nep-spo New Economics Papers
on Sports and Economics
Issue of 2019‒10‒21
four papers chosen by
Humberto Barreto
DePauw University

  1. Rot-Jaune-Verde. Language and Favoritism: Evidence from Swiss Soccer By Faltings, Richard; Krumer, Alex; Lechner, Michael
  2. Biasing Unbiased Dynamic Contests By Stefano Barbieri; Marco Serena
  3. Sonic Thunder vs Brian the Snail : Fast-sounding racehorse names and prediction accuracy in betting exchange markets By Oliver Merz; Raphael Flepp; Egon Franck
  4. Coaches on Fire or Firing the Coach? Evidence of the Impact of Coach Changes on Team Performance from Italian Serie A By Argentieri, Alessandro; Canova, Luciano; Manera, Matteo

  1. By: Faltings, Richard; Krumer, Alex; Lechner, Michael
    Abstract: Switzerland is a multi-lingual developed country that provides an attractive stage to test ingroup favoritism that is driven by linguistic differences. To that end, we utilize data from soccer games in the top two Swiss divisions between the seasons 2005/06 and 2017/18. In these games, the referee was from the same linguistic area with one team, whereas the other team was from a different linguistic area. Using very rich data on teams’ and games’ characteristics, our causal forest-based estimator reveals that referees assign significantly more penalties in the form of yellow and red cards to teams from a different linguistic area. This form of ingroup favoritism is large enough so that it is likely to affect the outcome of the game. As evidence, we find that the difference in points in favor of the home team increases significantly when a referee is from the same linguistic area.
    Keywords: Favoritism, discrimination, soccer, language
    JEL: D00 J71 L00 Z13 Z20
    Date: 2019–10
  2. By: Stefano Barbieri; Marco Serena
    Abstract: We consider a best-of-three Tullock contest between two ex-ante identical players. An effortmaximizing designer commits to a vector of player-specific biases (advantages or disadvantages). In our benchmark model the designer chooses victory-dependent biases (i.e., the biases depend on the record of matches won by players); the effort-mazimizing biases eliminate the discouragement effect, leaving players equally likely to win each match and the overall contest. We contrast our benchmark model with one where the designer chooses victory-independent biases; the effort-maximizing biases leave players unequally likely to win each match and the overall contest. This result holds in Tullock contests and all-pay auctions, as well as under maximization of total effort and winner's effort. The appeal of our result comes from the players being ex-ante identical; thus, it challenges the conventional wisdom of optimality of unbiased contests. Our result has also an applied interest, as it shows that alternating biases, as when teams alternate home and away games, may increase total effort as opposed to an unbiased contest.
    Date: 2018–05
  3. By: Oliver Merz (Department of Business Administration, University of Zurich); Raphael Flepp (Department of Business Administration, University of Zurich); Egon Franck (Department of Business Administration, University of Zurich)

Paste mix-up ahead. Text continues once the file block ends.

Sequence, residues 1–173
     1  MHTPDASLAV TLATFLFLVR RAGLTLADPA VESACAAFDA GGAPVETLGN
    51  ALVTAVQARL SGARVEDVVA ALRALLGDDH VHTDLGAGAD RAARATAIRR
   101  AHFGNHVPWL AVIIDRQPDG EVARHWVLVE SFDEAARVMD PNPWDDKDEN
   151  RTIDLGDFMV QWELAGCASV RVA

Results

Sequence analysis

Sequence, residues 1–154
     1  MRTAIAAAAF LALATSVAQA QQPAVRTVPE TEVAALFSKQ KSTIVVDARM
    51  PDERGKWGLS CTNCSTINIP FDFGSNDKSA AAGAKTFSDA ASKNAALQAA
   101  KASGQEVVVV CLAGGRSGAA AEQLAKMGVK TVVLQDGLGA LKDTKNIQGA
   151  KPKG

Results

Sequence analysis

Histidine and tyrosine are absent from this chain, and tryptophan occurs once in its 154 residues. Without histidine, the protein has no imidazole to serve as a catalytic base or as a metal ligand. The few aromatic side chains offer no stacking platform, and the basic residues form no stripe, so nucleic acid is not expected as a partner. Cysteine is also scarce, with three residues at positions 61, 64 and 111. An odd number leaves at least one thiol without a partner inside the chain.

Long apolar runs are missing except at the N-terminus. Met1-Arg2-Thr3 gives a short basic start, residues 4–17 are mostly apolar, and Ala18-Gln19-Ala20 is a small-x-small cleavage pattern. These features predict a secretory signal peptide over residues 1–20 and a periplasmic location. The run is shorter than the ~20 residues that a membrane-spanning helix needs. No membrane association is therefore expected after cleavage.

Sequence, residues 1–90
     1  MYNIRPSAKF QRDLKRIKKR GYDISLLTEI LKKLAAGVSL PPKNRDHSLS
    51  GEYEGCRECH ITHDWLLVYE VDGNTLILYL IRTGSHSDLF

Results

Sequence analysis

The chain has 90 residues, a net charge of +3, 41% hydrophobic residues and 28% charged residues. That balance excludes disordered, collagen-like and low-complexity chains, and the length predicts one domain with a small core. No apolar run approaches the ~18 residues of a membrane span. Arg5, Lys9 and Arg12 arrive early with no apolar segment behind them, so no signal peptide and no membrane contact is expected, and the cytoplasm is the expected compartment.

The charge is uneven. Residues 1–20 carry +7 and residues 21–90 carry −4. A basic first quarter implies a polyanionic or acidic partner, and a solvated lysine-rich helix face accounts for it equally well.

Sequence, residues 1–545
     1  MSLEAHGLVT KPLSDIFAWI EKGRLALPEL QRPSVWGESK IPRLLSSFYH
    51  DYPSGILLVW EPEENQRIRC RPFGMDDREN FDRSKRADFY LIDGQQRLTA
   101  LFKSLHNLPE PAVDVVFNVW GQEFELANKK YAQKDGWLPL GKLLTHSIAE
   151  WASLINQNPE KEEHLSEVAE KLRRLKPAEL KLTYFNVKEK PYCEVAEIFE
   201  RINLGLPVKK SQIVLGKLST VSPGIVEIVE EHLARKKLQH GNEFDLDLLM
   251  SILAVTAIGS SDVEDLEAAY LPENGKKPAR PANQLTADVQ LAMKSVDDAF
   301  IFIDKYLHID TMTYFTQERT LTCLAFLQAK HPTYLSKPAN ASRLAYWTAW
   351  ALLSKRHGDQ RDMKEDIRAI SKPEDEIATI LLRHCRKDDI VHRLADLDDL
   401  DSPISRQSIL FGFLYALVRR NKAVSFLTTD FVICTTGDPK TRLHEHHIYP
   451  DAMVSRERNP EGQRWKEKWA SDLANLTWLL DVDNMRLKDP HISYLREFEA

Abstract: This paper examines the influence of objectively irrelevant information on prediction accuracy in horse-racing betting exchange markets. In horse racing, the name of a horse does not depend on the horse’s performance and is thus uninformative. We investigate the impact of fast-sounding horse names on prediction market price accuracy and betting returns. Using over 3 million horse bets, we find evidence that the winning probabilities of bets on horses with fast-sounding names are overstated, which impairs the prediction accuracy of such bets. This finding implies that the prices in betting exchange markets are not efficient, as prices become distorted by incorporating the misleading information from a horse’s fast-sounding name. This bias translates into significantly lower betting returns for horses classified as fast-sounding compared to the returns of all other horses.
    Keywords: Market efficiency, Sports forecasting, Prediction markets, Betting industry, Horse Racing
    JEL: D40 C53 L83
    Date: 2019–10
  4. By: Argentieri, Alessandro; Canova, Luciano; Manera, Matteo
    Abstract: In this paper, football data from the 2007/2008 to 2016/2017 seasons of the Italian Serie A were used to identify the effects of replacing a coach mid-season due to poor team performance. We used an instrumental variable approach to correlate coach turnover within a season with player productivity and found a very low positive impact of the coach change in the short term but a significant negative impact in the long term. Our findings are also relevant to the literature on management replacement in small-size firms.
    Keywords: Research Methods/ Statistical Methods
    Date: 2019–10–17

This nep-spo issue is ©2019 by Humberto Barreto. It is provided as is without any express or implied warranty. It may be freely redistributed in whole or in part for any purpose. If distributed in part, please include this notice.
General information on the NEP project can be found at For comments please write to the director of NEP, Marco Novarese at <>. Put “NEP” in the subject, otherwise your mail may be rejected.
NEP’s infrastructure is sponsored by the School of Economics and Finance of Massey University in New Zealand.